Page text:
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Toyota to Revive Starlet Mini Hatch With Rally-Ready GR Model: Report

A Toyota GR Starlet could soon become the smallest and cheapest Toyota hot hatch.

byJames Gilboy|
Toyota Starlet GT Turbo
Toyota
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The Toyota Starlet may not be as famous today as it once was, but to the old heads, the Starlet may as well be synonymous with motorsport. The lightweight, sometimes rear-wheel-drive hatch was a lively little thing when you threw any power at all at it, and it's still respected around the world. The Starlet may soon return to fame though, because Toyota is reportedly working to revive the classic hatch—and already has a GR performance model in development.

The Starlet's comeback is forecasted by Best Car Web, which accurately leaked multiple details of the GR Supra and GR Corolla before their releases. The outlet reports that the Starlet was originally supposed to arrive this season to replace the Toyota Passo subcompact, and ride on the Daihatsu New Global Architecture (DNGA) platform. But Daihatsu's engineering is being audited following its crash safety scandal, so the Starlet has now reportedly been delayed until 2026. And when it does arrive, it'll supposedly bring a Gazoo Racing hot hatchback with it.

1982 Toyota Starlet. Toyota

The Toyota GR Starlet (or GRlet as some will call it) will reportedly be a featherweight with a targeted mass of under 2,200 pounds. This will reportedly be achieved by keeping hybridization out of the equation, which will make the GR Starlet one of a diminishing number of non-hybrids in Toyota's lineup by that point.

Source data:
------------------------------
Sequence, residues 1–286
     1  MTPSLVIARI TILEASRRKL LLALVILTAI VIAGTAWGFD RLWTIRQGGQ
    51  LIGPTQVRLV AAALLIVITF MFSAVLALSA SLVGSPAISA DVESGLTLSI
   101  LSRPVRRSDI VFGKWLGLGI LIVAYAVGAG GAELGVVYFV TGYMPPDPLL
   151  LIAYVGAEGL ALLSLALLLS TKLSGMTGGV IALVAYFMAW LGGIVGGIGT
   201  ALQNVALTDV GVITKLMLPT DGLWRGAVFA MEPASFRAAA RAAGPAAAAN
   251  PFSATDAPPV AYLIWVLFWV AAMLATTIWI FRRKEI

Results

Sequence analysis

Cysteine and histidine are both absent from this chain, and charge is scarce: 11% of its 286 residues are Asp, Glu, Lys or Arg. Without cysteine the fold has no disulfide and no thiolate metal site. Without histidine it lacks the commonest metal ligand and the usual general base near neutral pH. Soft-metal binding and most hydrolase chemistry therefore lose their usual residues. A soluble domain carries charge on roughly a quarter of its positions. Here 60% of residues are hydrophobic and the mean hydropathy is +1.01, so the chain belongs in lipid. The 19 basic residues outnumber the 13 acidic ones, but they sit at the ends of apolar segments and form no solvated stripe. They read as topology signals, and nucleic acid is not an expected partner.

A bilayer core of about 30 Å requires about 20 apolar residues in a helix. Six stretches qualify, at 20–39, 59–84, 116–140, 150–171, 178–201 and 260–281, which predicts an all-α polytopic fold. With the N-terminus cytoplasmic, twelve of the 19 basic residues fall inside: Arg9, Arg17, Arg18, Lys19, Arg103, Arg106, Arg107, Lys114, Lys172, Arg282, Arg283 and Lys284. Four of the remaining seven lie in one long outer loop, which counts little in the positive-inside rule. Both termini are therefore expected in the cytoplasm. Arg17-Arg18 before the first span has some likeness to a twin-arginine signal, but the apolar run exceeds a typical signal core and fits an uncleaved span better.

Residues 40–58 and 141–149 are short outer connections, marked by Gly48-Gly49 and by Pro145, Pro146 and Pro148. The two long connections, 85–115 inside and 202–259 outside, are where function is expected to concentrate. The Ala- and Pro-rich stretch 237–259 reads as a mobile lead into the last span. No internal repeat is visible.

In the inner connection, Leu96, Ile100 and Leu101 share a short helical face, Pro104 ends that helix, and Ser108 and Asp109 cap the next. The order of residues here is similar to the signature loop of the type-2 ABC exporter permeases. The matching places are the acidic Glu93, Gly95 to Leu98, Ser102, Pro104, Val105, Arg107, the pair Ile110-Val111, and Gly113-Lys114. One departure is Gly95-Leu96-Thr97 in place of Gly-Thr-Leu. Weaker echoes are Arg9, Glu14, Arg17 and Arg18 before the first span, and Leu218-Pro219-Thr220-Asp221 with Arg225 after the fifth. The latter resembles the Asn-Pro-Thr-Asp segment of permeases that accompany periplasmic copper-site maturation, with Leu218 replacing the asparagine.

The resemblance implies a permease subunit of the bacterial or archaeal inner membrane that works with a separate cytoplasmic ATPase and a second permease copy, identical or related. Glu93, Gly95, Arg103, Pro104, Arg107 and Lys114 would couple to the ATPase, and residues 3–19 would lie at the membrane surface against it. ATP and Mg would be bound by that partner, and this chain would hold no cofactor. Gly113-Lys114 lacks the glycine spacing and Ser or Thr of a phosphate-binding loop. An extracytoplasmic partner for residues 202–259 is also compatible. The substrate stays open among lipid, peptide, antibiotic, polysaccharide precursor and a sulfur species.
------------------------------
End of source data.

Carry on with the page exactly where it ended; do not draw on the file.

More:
Toyota will reportedly widen the GR Starlet's track by 2.4 inches, and house its wider tires under fender flares. It'll feature bigger brakes, a roof spoiler, and of course, a turbocharged three-cylinder based on the one used in the GR Corolla and GR Yaris. But in the GR Starlet, it'll apparently be downsized from 1.6 liters to 1.3, and will make around 150 horsepower. It'd seem Toyota is turning down the boost at a minimum, if not de-stroking the engine, which would reduce torque but could lift the 7,200-rpm redline. Extra revs would be a solid consolation prize.

For transmissions, the GR Starlet will reportedly feature either a six-speed manual or an eight-speed automatic, mirroring the updated GR Corolla. It'll break with other GR hatches from there though, as the GR Starlet will reportedly be just front-wheel-drive. That may be related to Toyota's alleged plans to take the GR Starlet racing, by offering a WRC Rally4-homologated version to compete in lower divisions of global rally.

1987 Toyota Starlet Turbo. Toyota

As a lower-performing car, it'll come at a lower cost, with the road car reportedly expected to start between $15,850 and $17,750. That about guarantees the GR Starlet won't come to the United States, where Toyota gave up on subcompacts when it discontinued the Yaris years ago. There's just no chance it'd return to the segment with a low-volume performance model. As with the Japanese icons of the 1990s, this'll be another car we have to covet from afar—which is to say nothing of a hypothetical GRMN model. Stuffing the whole GR Corolla's drivetrain in such a small, light hatchback would be a recipe for perfection.

Got a tip or question for the author? You can reach them here: james@thedrive.com

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